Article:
Electrons bound to the nucleus/ Bohr hypothosis

In summary, the conversation discusses the relationship between the Coulomb force and the centripetal force in an electron's orbit around the nucleus in a hydrogen atom. It also mentions the quantization of angular momentum in the Bohr hypothesis and how this leads to the quantization of orbital radius. The value of aB is also mentioned, which is used in the equation for quantized orbital radius. The person asking the question apologizes for not following the rules on posting homework questions and asks for help on where to go for assistance.
  • #1
Jason Gomez
15
0
Question:
If we assume that an electron is bound to the nucleus (assume a H atom) in a circular orbit, then the Coulomb force is equal to the centripetal force:
mv^2/r= ke^2/r^2
In the Bohr hypothesis, angular momentum, L = mvr is quantized as integer multiples of (h-bar): L = n(h-bar). Show that if this is true, orbital radius is also quantized: r = n^2aB.
aB = (hbar)^2/(ke^2m(electron))
 
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  • #2
First: This isn't the right place to post your homework questions.
Second: You're not following the rules on homework questions either.
 
  • #3
sorry this is my first time on, where do I go for help on HW and the rules
 

Related to Electrons bound to the nucleus/ Bohr hypothosis

1. What is the Bohr hypothesis?

The Bohr hypothesis, also known as the Bohr model, is a theory proposed by Niels Bohr in 1913 to explain the structure of atoms. It suggests that electrons orbit the nucleus in fixed energy levels, and can jump between these levels by absorbing or emitting energy.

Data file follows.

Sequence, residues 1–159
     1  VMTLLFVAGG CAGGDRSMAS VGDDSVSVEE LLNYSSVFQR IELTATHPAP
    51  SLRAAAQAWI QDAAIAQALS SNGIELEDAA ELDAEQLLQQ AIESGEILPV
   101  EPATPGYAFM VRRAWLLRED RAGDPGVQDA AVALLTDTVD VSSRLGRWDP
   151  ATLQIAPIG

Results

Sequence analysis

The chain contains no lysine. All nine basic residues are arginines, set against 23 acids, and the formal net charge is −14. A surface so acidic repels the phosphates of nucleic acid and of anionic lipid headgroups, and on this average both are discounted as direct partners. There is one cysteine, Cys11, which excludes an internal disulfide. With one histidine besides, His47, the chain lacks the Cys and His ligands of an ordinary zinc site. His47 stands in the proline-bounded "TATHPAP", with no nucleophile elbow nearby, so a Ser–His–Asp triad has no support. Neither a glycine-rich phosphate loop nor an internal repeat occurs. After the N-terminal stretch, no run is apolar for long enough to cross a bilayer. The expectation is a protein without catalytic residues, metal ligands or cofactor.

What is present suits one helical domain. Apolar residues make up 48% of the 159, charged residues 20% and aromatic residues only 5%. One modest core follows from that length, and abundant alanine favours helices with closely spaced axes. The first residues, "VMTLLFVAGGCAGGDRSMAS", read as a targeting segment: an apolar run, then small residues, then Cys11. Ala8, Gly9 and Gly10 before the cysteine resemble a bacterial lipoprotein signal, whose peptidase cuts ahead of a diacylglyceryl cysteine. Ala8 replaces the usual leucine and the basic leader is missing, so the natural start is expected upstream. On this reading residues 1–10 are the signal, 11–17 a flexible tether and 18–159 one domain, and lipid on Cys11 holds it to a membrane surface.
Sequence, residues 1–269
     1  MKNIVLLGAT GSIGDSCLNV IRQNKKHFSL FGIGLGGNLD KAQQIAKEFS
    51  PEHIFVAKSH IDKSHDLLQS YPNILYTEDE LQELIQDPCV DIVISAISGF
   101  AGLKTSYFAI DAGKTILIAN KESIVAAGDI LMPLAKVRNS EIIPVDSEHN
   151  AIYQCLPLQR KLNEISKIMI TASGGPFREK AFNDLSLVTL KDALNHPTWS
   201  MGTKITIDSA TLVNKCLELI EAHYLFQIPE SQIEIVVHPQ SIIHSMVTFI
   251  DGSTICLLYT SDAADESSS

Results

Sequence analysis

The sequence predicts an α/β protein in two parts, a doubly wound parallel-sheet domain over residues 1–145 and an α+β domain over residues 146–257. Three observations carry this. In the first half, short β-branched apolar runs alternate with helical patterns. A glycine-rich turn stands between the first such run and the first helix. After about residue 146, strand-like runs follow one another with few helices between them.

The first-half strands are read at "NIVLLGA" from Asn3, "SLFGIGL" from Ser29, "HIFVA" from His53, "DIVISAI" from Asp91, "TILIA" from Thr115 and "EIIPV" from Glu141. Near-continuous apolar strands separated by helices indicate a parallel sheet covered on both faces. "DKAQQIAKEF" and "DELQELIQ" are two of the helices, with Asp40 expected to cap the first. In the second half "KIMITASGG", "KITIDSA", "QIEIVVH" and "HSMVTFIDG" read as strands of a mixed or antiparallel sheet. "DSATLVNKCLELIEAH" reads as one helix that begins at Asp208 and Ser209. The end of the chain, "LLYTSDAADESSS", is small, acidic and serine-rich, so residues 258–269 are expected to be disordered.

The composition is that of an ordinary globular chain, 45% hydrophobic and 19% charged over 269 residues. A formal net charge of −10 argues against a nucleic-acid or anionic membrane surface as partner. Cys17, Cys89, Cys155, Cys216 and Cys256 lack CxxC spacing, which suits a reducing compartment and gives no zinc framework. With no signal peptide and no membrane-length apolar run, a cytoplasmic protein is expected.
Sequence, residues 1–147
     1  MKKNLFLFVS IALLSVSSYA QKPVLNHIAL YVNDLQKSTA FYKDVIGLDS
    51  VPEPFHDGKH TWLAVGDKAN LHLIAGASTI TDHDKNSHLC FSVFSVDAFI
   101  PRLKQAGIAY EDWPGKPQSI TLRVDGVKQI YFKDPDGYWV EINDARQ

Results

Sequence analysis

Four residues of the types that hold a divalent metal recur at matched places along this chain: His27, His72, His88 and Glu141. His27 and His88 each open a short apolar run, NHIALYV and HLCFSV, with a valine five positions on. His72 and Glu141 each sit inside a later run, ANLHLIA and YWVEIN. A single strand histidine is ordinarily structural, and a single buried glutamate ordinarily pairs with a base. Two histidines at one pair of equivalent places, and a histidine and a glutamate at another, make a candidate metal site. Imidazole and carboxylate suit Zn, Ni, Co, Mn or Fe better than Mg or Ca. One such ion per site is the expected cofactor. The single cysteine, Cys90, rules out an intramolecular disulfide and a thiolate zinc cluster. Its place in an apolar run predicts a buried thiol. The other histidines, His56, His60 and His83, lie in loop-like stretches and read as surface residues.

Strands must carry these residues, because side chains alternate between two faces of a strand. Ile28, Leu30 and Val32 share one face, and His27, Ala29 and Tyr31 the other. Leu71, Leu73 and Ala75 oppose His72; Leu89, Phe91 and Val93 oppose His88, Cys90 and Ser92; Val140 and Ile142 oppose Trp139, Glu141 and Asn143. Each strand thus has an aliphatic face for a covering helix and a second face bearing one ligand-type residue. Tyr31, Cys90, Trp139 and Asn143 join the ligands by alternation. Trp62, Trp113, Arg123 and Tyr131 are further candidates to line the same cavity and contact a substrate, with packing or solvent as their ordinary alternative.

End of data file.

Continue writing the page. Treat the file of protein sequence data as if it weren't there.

2. How are electrons bound to the nucleus?

Electrons are bound to the nucleus by electromagnetic force. This force is created by the attraction between the positively charged protons in the nucleus and the negatively charged electrons. The strength of this force depends on the distance between the electron and the nucleus.

3. What are energy levels in an atom?

Energy levels in an atom refer to the specific regions around the nucleus where electrons can exist. These energy levels are represented by numbers, with the lowest level being the ground state and higher levels being excited states. Electrons can only exist in these discrete energy levels, and not in the space between them.

4. How does the Bohr hypothesis explain the stability of atoms?

The Bohr hypothesis explains the stability of atoms by proposing that electrons occupy specific energy levels, and do not spiral into the nucleus. This is because electrons are only allowed to exist in discrete energy levels, and cannot occupy the space between them. This prevents them from losing energy and falling into the nucleus, resulting in the stability of atoms.

5.What evidence supports the Bohr hypothesis?

There is a significant amount of evidence that supports the Bohr hypothesis. This includes the observation of atomic spectra, which are unique patterns of light emitted by atoms when electrons jump between energy levels. Additionally, experiments such as the Franck-Hertz experiment have confirmed the existence of discrete energy levels in atoms.

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